Thanks again MLB - so if the plumbing pipes have foam insulation all around them, then will that keep them from freezing even if the crawlspace isn't warm anymore? Or should we keep the heat ducts unfoamed so they can still emit some heat in the crawlspace as they pass through to the heat registers above, and therefore keep the crawlspace and foamed-up pipes from freezing?
    I may not understand correctly but am worried if all the joists and the "ceiling" and walls of the crawlspace are foamed, as well as all the pipes and ducts, then the crawlspace itself will be colder than it already is cause almost no heat will transfer into it except from the little access door from the basement to the crawlspace. And then in winter the pipes in that crawlspace might explode...? or maybe i am misunderstanding....

  8. #8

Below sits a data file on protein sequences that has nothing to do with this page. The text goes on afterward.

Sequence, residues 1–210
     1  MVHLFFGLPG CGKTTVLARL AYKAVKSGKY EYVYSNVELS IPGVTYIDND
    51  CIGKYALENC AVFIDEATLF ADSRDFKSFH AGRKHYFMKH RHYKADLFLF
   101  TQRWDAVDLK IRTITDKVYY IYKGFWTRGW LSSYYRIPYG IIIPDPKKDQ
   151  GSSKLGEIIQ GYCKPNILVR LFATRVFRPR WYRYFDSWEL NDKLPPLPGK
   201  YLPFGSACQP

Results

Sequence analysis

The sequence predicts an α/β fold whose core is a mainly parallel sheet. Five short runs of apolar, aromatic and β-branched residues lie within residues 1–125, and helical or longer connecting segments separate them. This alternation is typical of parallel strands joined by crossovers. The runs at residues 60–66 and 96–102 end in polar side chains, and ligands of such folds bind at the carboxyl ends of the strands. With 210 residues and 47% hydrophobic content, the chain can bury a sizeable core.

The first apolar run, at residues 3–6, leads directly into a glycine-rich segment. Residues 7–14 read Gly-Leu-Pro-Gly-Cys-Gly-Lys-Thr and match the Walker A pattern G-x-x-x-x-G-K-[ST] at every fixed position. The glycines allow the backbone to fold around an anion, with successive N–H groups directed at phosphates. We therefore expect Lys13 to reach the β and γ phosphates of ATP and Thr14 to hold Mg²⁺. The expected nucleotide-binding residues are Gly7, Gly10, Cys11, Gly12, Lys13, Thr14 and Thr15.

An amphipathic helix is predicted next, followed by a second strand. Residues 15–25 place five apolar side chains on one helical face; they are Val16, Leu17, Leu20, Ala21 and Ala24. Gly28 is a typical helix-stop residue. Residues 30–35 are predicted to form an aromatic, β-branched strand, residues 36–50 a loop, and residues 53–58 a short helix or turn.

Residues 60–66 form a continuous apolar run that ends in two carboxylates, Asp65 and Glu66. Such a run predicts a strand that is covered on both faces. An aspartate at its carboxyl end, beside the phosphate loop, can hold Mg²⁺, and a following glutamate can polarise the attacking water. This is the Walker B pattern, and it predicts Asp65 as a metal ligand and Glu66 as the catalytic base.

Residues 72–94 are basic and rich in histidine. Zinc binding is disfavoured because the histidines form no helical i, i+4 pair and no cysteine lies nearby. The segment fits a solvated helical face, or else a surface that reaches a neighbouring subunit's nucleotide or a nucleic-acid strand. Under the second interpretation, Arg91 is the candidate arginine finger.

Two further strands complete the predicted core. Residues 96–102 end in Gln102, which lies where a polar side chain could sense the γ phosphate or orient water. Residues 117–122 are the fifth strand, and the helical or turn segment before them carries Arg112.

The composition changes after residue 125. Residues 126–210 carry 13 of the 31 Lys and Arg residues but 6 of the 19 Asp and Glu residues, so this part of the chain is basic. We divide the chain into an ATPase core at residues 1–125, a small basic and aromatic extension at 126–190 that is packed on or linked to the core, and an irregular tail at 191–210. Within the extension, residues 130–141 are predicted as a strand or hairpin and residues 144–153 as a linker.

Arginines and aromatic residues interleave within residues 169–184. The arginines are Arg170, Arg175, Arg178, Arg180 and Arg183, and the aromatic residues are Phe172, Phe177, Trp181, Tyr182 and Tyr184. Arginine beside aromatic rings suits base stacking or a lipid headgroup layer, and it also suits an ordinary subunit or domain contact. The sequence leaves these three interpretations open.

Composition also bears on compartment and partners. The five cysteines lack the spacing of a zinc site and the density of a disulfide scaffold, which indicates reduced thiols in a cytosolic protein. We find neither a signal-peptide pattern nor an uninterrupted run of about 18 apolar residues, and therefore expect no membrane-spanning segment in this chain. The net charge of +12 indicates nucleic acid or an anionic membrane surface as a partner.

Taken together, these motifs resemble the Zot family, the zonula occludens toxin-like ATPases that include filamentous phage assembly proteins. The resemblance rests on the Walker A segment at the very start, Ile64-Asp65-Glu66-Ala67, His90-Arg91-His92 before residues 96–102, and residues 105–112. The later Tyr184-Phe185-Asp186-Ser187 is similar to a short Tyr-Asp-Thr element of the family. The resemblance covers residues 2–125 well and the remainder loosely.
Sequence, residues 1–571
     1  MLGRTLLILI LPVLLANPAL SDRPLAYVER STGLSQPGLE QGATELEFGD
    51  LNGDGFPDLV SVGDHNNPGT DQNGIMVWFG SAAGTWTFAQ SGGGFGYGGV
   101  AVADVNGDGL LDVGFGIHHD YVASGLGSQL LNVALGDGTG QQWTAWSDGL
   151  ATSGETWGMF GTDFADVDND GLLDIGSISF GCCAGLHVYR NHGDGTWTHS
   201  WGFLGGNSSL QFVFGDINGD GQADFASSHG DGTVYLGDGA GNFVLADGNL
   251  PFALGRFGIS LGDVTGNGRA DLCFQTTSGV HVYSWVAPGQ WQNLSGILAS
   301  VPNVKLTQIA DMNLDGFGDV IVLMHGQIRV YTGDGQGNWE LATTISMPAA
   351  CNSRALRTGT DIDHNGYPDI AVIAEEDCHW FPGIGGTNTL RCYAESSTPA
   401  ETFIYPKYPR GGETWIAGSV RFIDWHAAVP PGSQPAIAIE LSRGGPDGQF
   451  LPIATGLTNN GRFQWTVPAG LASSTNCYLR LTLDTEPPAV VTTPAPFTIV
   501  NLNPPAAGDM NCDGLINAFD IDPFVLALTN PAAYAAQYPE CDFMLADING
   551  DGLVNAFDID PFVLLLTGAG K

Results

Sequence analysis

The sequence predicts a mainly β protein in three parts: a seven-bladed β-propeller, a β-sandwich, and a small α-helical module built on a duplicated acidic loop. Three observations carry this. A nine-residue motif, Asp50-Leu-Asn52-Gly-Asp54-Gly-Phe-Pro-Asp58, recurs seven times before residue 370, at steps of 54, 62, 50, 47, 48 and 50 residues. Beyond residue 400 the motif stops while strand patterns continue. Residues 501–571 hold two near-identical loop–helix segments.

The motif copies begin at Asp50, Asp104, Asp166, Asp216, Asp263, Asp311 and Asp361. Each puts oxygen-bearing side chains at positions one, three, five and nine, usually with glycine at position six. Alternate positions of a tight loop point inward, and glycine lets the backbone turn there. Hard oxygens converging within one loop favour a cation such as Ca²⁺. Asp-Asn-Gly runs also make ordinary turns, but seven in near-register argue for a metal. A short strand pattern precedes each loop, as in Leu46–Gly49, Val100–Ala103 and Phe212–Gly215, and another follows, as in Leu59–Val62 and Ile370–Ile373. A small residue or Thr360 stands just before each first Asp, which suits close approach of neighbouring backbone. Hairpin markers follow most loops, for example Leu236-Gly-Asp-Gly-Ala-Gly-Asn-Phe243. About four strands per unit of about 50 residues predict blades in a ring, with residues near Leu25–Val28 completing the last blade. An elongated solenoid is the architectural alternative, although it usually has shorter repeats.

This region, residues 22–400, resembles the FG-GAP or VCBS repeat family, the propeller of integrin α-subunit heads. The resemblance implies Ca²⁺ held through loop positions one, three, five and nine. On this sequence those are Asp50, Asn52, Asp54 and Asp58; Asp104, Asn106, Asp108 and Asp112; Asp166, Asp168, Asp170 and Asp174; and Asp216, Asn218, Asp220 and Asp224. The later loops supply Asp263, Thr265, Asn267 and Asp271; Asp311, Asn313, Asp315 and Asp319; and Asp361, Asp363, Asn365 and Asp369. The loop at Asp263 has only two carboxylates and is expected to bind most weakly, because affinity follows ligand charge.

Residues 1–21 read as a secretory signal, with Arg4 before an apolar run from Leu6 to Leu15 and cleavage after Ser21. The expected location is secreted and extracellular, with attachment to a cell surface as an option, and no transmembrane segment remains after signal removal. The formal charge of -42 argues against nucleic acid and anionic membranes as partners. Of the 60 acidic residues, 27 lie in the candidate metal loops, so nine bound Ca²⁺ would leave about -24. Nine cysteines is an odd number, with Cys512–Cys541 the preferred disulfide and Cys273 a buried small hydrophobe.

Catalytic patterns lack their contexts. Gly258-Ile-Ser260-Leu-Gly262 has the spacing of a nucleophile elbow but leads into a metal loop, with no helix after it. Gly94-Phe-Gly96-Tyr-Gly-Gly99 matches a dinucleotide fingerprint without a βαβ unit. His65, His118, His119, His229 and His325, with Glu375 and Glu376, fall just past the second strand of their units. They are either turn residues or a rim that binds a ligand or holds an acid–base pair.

Join Date
    Sep 2012
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    Boston
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    Default Re: Choice of heated floor, new windows, or new furnace? Help!!

    if all the pipes, ductwork, between the floor joists, etc are properly insulated you shouldn't have a problem. you don't want any hot air duct to be un-insulated. if it is un-insulated then you are not sending warm enough air into the room above. the cold duct work will cool the air on it's way to the room and will not come out as hot as it should be. a good insulation person will be able to wrap everything properly, water pipe and heat ducts, so that there won't be any concern about something freezing.